The U.S. Congress launched a new bipartisan Caucus for Congressional-World Bank Dialogue at a packed event on Capitol Hill July 16. The caucus, co-chaired by Kevin Brady (R-TX) and Betty McCollum (D-MN), provides a forum for members of Congress to engage the World Bank, parliamentarians and policy experts on poverty reduction, global development and trade.
As many Hill and Bank-watchers know, World Bank rules prevent its president and senior staff from testifying before Congress and restrict discussions to closed-door meetings. While some argue this protects the bank from type of congressional meddling that has hobbled USAID, it also means that the bank misses opportunities to educate and inform Congress about its work through public, congressional testimony. Reuters' reporter Lesley Wroughton says in her article U.S. lawmakers and World Bank seek to bridge gaps that in this sense, the new caucus "hopes to deepen, and in some cases launch discussions between the bank and the U.S. Congress on development, poverty and trade issues."
Rep. Brady said that "with the world changing at a rapid pace, this new caucus makes sense." Rep. McCollum similarly cited new global challenges including climate change, rising food prices and energy security that are placing new demands on Congress and the World Bank. And Rep. Phillip English (R-PA) argued "now more than ever the United States needs to focus on its international relationships and its international strategies, and focus on multilateral institutions that make a real difference." Other founding members of the group include: Spencer Bachus (R-AL), Ander Crenshaw (R-FL), Joseph Crowley (D-NY), Gwen Moore (D-WI), Mike Pence (R-IN), Gregory Meeks (D-NY), Henry Waxman (D-CA), Maxine Waters (D-CA), Jerry Weller (R-IL) and Brad Sherman (D-CA).
World Bank President Robert Zoellick described the World Bank's efforts to promote inclusive and sustainable globalization that reduces poverty, promotes education, empowers women, and spurs economic growth. He said that an increasingly integrated world could no longer exclude the developing world, including emerging powers such as China and India.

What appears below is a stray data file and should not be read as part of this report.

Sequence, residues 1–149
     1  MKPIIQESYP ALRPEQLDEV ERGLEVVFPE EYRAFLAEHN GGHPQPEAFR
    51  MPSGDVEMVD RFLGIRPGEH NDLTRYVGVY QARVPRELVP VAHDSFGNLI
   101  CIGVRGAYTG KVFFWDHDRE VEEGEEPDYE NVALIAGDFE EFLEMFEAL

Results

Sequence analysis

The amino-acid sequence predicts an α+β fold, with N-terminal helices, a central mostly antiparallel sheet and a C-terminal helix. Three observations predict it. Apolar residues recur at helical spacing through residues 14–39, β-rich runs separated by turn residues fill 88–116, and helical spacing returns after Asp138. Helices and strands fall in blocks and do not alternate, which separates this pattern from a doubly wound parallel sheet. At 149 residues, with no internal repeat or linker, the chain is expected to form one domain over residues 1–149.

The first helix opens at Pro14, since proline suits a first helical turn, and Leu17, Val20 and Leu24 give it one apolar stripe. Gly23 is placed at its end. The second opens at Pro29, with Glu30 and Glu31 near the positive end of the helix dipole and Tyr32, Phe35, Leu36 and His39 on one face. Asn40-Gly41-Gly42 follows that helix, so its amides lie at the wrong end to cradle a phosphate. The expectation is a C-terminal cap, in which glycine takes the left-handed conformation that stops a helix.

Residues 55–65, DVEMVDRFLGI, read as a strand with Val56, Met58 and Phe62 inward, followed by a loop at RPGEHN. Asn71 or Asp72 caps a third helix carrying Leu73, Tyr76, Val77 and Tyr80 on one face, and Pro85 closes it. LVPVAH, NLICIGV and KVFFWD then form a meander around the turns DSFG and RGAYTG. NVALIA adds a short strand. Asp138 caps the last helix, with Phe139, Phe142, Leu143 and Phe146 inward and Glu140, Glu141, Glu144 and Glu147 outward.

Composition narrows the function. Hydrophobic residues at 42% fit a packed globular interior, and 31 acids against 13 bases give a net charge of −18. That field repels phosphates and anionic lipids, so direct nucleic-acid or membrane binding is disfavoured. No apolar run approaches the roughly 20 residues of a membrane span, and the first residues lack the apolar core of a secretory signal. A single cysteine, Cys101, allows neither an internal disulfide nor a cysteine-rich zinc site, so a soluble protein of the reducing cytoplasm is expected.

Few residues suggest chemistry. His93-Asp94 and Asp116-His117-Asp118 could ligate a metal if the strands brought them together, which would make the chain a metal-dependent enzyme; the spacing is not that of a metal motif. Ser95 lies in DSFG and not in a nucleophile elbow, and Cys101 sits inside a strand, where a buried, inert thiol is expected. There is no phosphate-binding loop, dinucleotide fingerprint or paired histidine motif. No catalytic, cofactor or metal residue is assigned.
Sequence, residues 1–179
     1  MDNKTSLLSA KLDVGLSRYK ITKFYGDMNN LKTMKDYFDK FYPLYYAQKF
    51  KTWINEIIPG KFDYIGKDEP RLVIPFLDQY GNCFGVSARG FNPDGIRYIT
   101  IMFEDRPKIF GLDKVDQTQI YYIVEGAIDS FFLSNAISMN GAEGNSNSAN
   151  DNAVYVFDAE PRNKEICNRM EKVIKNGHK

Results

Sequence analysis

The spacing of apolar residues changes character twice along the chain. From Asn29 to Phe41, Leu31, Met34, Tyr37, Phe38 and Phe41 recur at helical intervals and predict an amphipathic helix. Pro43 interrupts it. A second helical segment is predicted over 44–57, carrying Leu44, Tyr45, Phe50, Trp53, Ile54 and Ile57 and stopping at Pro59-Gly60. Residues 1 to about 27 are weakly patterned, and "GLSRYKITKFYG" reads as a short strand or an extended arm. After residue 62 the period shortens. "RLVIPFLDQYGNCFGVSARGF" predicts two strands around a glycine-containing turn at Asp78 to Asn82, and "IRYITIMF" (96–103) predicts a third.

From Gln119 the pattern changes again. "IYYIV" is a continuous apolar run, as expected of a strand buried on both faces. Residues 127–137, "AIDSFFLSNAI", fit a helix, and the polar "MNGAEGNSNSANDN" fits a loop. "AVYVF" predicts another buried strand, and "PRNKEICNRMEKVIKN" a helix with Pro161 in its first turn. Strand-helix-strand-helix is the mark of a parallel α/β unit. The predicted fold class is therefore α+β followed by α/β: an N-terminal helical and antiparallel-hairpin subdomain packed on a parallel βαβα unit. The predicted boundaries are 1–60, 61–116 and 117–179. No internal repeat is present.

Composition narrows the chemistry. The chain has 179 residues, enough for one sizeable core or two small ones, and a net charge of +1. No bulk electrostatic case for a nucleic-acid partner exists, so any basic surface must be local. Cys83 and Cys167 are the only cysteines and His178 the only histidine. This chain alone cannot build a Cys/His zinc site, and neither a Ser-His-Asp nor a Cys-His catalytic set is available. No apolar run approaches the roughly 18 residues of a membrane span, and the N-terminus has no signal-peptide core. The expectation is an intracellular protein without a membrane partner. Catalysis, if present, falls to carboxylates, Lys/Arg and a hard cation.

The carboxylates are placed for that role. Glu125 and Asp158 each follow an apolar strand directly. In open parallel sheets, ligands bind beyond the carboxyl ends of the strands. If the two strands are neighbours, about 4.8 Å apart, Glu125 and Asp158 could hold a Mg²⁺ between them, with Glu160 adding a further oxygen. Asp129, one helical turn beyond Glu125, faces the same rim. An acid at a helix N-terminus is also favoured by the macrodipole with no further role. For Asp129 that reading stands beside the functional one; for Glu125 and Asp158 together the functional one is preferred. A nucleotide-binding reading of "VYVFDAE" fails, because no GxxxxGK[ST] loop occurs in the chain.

It's great to see Republicans and Democrats on the Hill taking a closer look at the World Bank and global development; especially in the midst of broader conversations U.S. policymakers are having on ways to overhaul foreign assistance under the next administration. Much of the emphasis so far has been on modernizing U.S. bilateral aid (see New Day, New Way and Modernizing U.S. Foreign Assistance), so the new caucus is a welcome reminder that Washington's role in the multilateral aid institutions matters just as much.
Three cheers to the co-chairs, founding caucus members and to the World Bank itself for launching this forum. Kudos also to the German Marshall Fund for its support in convening the group. In the absence of a much-needed Congressional Global Development Caucus, the World Bank-Congressional Caucus can make valuable contributions, including helping to identify congressional champions for global development.
While the founding members of the group are strong supporters of U.S. engagement in global development, comments at the launch however suggested there were at least two prevailing views about the role of the caucus. Some participants described it as a forum to exchange ideas with experts and aid officials and to increase support for the World Bank. Others suggested it should be a venue to hold the World Bank in check and ensure "macro-economic belief systems" (as described by one member of Congress) don't interfere with the World Bank's poverty reduction goal. Clearly there will be plenty for the caucus to discuss!
Of course, there is a wide range of congressional caucuses -- from the Congressional Black Caucus to the Congressional Bike Caucus -- each with varying degrees of activity and influence. I'm hopeful that this one will gain momentum as we head into a new administration and Congress, and that it will play a much bigger role on the Hill in the months to come.